Wednesday, June 15, 2011

Flight of the Mystic

I always try to have a good book lined up for when I fly to the U.S. This past trip I was really looking forward to  a book I had been saving. In This House of Brede. (Many thanks Perpetua) I began reading while the plane was on the tarmac in Manchester waiting to take-off. So engrossed was I with what I was reading that when I looked up and discovered I was not riding through the fen-like marshland of southeast England I was quite startled. "Indeed", I thought, "this is going to be a good read"!

I managed to eke out the reading of the book throughout my three-week visit, finishing it on the return flight from Philadelphia. This is not a story of cutting edge drama, though it is dramatic. In a way it is a story about ordinary people. Ordinary people who do the extraordinary thing of committing their lives to prayer and the spiritual life in seclusion. It is a story about the choices we make that we don't make so it is a paradox. These sisters live in a community cut off from the world and yet tied to the world. From Matins through Compline Monasteries throughout the world offer a daily clock of ritual and prayer for our sustenance and the glory of God.

In This House of Brede  is like a prayer or meditation. There is so much to mull over and consider. As I turned over the last page and closed the book, I turned to look out the window and oh what a glorious and mystical sight. It was the early hours of a morning in June and as we were flying east in the distance the line of the horizon was red -- the beginning of a new day. There was a great deal of cloud cover beneath the  flight path and far away it showed shades of pink light. For several hours I watched as the colors deepened and spread within the cloud and as the horizon grew lighter and the darkness above retreated to the west. My camera was only an arms length away, but it felt wrong to in anyway try to capture the magic moments -- not because it was for me alone but because it was mine to witness not try to keep. Like the Breathe of God ... And then came the moments when I realized that we were flying through the dawn and that morning had broken. Fantastic!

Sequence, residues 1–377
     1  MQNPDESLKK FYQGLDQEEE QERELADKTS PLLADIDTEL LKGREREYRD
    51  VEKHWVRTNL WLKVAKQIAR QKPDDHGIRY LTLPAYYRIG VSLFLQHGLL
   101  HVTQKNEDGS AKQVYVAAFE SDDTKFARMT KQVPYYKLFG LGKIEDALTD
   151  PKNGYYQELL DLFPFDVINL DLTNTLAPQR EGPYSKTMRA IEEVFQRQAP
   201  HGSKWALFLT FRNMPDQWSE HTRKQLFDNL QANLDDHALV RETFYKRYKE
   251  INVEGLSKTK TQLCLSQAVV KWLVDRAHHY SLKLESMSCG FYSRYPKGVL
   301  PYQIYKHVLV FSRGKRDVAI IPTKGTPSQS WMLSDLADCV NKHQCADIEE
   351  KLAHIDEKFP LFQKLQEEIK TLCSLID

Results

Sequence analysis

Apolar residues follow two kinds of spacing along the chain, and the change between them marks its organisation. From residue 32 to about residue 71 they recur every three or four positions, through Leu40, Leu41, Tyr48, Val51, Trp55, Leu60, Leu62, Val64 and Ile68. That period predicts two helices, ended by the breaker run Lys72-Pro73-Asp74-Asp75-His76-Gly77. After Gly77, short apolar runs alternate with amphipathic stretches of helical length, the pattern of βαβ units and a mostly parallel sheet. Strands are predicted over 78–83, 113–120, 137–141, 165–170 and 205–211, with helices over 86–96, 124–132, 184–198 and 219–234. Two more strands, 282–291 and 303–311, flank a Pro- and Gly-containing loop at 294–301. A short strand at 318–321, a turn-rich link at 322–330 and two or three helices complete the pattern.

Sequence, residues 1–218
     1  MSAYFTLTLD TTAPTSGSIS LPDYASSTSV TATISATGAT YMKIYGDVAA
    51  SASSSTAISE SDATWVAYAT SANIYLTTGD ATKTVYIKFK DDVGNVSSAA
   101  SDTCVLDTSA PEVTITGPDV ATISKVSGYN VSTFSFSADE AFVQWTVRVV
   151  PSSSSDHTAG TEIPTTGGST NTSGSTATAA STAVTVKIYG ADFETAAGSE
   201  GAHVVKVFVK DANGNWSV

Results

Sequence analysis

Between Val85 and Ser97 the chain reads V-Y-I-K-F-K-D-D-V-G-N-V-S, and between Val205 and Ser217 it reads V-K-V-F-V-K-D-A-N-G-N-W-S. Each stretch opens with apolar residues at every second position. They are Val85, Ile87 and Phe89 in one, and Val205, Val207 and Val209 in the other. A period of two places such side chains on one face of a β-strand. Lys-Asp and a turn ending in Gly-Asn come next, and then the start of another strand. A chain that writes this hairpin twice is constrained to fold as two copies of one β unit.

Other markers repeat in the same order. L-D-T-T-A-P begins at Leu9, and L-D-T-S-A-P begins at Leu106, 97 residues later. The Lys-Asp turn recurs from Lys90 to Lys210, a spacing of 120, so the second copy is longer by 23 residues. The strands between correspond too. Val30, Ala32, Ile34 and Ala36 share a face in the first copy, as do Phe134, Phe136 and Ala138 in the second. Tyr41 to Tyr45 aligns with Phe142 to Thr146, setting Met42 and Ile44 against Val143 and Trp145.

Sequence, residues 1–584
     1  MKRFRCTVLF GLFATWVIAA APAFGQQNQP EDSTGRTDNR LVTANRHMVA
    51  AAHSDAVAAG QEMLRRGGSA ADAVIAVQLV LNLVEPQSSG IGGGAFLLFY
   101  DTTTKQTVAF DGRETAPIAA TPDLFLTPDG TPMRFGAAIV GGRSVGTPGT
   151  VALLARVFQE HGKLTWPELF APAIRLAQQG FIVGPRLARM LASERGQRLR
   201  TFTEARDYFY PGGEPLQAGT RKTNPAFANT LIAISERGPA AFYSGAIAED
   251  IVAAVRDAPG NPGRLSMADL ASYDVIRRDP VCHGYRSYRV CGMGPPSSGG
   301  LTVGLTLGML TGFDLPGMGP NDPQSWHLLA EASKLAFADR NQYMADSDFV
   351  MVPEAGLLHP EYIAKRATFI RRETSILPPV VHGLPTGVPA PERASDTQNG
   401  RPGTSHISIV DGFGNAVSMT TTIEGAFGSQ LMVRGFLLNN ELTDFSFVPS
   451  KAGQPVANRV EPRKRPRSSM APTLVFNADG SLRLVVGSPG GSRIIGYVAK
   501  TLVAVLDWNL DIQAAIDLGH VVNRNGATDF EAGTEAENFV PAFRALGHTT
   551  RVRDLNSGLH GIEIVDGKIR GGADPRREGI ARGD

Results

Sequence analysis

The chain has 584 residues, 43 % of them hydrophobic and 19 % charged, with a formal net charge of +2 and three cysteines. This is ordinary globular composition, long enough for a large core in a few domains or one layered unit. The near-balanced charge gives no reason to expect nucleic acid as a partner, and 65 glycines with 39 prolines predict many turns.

1. G'day Broad. What a great blog. The book sounds very interesting. I will try to find a copy of it. You captured the dawn of a new day very well in written form. I felt as though I too could see it. Sometimes it's nice to just see beautiful sights and keep them in our mind, we don't always have to take a picture to remember. Take care. Liz...

  2. What a wonderful post, Broad. Your flight into the dawn sounds like one of those transcendent experiences no camera can possibly capture.

    So glad you loved the book. It's very special when a book that matters so much to me really speaks to someone else.

  3. Loved your description of flying into the dawn. It is quite magical to see, especially if the plane isn't too noisy.

  4. What a lovely post, Broad! I must read that book! I, too, especially enjoyed your description of flying into the dawn.

  5. What a great description of flying into the dawn. I also enjoy looking at the clouds when in flight and above all when the sun is setting. I have taken many pictures of cloud formation. The heading on my blog, under my name, is of clouds I took why flying away from Newfoundland in Canada.

  6. Hello:
    How absolutely splendidly you describe that moment of the breaking of the dawn seen, so literally, from the sky. Indeed, we agree with what you say, such things, and there are many of them in life, have a spirituality which cannot, in any event, be really 'captured' but remain with us as treasured memories. We shall certainly seek out your holiday reading.

    Thank you so much for becoming a Follower of our blog. We are delighted to have found you and to return the compliment. We must now hasten away to reply to the very witty comment which you left and which has amused us greatly.


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